Endeavor is a former railroad and lumber town but also was a center for vegetable farming. Located along Buffalo Lake, it was called Merritt’s Landing until 1890, when the name was changed to Endeavor, after the Christian Endeavor Academy, which once was in the village but closed in 1925. Few businesses remain, but the focal points include the 90-student elementary school, which is part of the Portage School District, and, next door, the Civic Center, home to Endeavor’s police department, village offices and the public library, which is celebrating 50 years.
But it was contention at village board meetings that pushed Wade to create a Sharing Supper in an effort to ease tensions and bring people together. She modeled it after a similar event that served its first meal in Mauston in 2007 and then helped start a Sharing Supper in Portage in 2015 that is held on the last Monday of each month at Wayne E. Bartels Middle School.
“We really wanted to figure out how to get the community to really come together, especially in times of difficulty and need,” said Wade, who grew up in Endeavor and is a business manager at a Baraboo law firm.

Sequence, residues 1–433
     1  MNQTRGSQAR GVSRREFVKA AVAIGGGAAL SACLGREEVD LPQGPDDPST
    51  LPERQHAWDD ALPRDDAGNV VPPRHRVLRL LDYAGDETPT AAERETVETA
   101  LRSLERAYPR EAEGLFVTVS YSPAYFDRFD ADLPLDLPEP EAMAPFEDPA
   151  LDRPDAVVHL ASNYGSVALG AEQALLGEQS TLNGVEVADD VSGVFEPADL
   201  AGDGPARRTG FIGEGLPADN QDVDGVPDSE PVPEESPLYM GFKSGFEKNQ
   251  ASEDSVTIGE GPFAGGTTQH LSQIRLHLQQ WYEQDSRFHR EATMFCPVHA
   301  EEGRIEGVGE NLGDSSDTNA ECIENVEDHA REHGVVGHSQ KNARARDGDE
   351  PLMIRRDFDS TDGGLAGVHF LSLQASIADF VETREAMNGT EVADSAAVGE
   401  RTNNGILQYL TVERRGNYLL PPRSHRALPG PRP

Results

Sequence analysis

“It’s such a small community, so it’s nice to be able to have that. We really wanted to create an atmosphere where they could sit down with their friends or people they don’t know and connect.”
Sponsors step up
Each meal has a budget of $600. Last week’s event was paid for by past donations to the Sharing Supper, while Mike Bergman, who has owned B&B Hitching Post for the past nine years and normally serves a catered meal for $11.99 per plate, donated the costs above the $600. Other sponsors have include civic organizations, area restaurants and even families. If a restaurant is not involved, the food is purchased and prepared by the Sharing Supper committee at a local church.
Potlucks are not part of the effort.